Comparing Human Behavior to an Optimal Policy for Innovation


  • Bonan Zhao Princeton University
  • Natalia Vélez Princeton University
  • Thomas L. Griffiths Princeton University



Innovation, Discovery, Explore-exploit, Decision Making, Optimal Stopping


Human learning does not stop at solving a single problem. Instead, we seek new challenges, define new goals, and come up with new ideas. Unlike the classic explore-exploit trade-off between known and unknown options, making new tools or generating new ideas is not about collecting data from existing unknown options, but rather about create new options out of what is currently available. We introduce a discovery game designed to study how rational agents make decisions about pursuing innovations, where discovering new ideas is a process of combining existing ideas in an open-ended compositional space. We derive optimal policies of this decision problem formalized as a Markov decision process, and compare people's behaviors to the model predictions in an online behavioral experiment. We found evidence that people both innovate rationally, guided by potential returns in this discovery game, and under- and over-explore systematically in different settings.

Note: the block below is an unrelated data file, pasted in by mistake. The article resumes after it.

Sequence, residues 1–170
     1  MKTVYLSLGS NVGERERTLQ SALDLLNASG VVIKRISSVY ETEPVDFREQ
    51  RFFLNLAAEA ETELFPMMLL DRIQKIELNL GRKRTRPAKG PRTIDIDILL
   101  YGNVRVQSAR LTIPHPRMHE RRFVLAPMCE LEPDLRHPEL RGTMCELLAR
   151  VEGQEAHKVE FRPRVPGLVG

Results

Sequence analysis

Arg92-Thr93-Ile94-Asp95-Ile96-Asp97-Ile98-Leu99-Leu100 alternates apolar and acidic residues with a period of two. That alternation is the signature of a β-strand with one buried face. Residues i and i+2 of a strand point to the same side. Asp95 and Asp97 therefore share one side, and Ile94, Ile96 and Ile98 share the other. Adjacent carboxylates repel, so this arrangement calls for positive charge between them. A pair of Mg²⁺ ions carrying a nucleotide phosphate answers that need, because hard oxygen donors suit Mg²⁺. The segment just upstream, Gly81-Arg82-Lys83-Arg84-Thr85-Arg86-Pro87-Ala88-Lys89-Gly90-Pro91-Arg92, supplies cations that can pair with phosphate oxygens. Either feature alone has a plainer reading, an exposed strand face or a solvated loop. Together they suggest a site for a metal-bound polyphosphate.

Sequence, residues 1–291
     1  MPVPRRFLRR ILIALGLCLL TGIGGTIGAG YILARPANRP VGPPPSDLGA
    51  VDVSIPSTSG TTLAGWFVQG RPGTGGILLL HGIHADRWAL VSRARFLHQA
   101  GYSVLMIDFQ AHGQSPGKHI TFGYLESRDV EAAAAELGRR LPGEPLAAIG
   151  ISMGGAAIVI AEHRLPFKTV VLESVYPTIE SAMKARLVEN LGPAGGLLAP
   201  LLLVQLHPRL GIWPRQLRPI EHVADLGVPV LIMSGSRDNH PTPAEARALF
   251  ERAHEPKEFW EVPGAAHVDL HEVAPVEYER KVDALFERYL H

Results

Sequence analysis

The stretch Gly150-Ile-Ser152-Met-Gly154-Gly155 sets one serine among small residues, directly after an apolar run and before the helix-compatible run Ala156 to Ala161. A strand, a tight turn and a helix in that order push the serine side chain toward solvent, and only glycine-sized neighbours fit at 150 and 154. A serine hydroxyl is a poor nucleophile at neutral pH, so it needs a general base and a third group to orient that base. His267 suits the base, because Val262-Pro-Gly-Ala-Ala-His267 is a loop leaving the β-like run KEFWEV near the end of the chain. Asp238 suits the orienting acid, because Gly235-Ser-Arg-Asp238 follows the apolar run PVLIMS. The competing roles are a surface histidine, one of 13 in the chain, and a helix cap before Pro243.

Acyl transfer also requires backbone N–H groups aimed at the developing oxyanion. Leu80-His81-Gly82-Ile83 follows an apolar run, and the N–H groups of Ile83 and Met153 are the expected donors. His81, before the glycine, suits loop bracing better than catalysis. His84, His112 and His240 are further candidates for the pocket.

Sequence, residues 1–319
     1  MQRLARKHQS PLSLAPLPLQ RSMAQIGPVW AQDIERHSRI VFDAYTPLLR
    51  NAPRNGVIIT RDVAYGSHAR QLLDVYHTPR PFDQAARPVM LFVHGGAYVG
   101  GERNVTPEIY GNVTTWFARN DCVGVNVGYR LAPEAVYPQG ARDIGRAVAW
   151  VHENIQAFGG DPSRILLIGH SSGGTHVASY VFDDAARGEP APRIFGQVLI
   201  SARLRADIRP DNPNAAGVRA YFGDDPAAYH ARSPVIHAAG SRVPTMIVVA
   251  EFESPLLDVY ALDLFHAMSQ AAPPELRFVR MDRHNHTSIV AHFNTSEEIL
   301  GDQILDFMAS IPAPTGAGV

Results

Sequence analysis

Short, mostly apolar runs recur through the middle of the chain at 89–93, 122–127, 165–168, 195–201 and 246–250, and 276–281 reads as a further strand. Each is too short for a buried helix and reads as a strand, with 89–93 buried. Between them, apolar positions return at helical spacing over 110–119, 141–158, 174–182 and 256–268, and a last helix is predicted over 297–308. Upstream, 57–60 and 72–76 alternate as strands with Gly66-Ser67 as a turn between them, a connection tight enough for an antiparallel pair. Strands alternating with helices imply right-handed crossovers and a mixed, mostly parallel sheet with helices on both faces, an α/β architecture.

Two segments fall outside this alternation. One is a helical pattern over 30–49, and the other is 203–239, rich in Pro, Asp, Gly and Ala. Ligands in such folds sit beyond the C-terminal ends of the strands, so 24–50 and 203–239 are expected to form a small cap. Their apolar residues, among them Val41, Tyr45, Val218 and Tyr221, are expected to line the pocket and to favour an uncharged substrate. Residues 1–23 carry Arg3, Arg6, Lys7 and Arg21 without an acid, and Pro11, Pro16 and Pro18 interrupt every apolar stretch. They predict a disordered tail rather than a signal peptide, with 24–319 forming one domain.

Symposium on Human-Like Learning